Skip to main content

Abductions in Syria cause widespread fear

The Islamic State and the Kurdish People's Protection Units have been carrying out kidnappings in Syria, both seemingly working toward the same goal: terrorizing those who do not support them.
Kurdish People's Protection Units (YPG) fighters gather with their weapons in the Assyrian village of Tel Jumaa, north of Tel Tamr town March 4, 2015. The Kurdish People's Protection Units (YPG) have seized two towns and dozens of villages from Islamic State (IS) in an offensive that got under way on Feb. 21 in the strategically important Hasaka province that borders IS-held areas in Iraq. Picture taken March 4, 2015. REUTERS/Rodi Said (SYRIA - Tags: POLITICS CIVIL UNREST CONFLICT) - RTR4S816

Syrians continue to go missing at the hands of the armed groups that have taken control over some parts of Syrian territory. The objective of the Islamic State (IS) is to intimidate the Syrian community, with abduction as its main tool of terror.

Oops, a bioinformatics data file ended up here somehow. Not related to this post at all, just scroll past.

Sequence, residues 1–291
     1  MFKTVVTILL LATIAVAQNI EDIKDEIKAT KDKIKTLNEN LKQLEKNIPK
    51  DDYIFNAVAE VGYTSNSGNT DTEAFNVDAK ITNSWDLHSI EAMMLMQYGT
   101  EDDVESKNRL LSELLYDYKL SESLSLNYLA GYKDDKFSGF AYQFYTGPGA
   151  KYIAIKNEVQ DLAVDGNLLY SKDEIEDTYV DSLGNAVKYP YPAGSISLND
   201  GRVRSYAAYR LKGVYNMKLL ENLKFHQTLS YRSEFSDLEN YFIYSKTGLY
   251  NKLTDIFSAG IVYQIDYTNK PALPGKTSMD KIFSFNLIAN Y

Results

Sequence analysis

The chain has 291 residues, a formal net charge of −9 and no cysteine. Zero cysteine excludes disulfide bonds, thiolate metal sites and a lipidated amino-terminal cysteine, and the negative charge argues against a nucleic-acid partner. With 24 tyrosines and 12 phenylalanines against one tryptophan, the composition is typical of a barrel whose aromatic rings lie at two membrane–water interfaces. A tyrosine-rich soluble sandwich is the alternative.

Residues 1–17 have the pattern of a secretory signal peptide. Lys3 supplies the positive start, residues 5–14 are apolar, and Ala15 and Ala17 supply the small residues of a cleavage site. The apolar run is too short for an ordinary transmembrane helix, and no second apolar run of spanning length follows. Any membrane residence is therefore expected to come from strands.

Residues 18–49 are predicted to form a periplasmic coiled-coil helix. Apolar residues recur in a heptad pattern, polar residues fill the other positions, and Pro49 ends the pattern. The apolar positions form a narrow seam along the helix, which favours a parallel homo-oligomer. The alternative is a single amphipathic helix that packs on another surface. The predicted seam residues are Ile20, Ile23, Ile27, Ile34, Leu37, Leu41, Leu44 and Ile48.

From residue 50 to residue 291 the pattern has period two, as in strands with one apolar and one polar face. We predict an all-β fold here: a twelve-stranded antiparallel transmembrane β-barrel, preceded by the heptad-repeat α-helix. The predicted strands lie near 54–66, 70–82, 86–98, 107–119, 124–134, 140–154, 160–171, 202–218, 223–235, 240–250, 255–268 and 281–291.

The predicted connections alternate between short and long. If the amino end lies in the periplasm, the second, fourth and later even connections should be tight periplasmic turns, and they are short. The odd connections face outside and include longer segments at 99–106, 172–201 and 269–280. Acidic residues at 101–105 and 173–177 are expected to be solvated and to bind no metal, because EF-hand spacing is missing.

Shaha Mohammed lost her son, Aker, 17, during the attack on the city of Kobani. Aker had joined the Kurdish People's Protection Units (YPG) to defend Kobani. She told Al-Monitor, “It’s been a while since we have heard something about him. We have not been able to communicate with him, although all his friends have communicated with their families. We just want to know what has happened to him. Had he lost his life, we would have known. We have not heard from him and we have been experiencing significant emotional suffering. We will do anything to get any news about him. He is my eldest son.”

Access the Middle East news and analysis you can trust

Join our community of Middle East readers to experience all of Al-Monitor, including 24/7 news, analyses, memos, reports and newsletters.


Only $100 per year.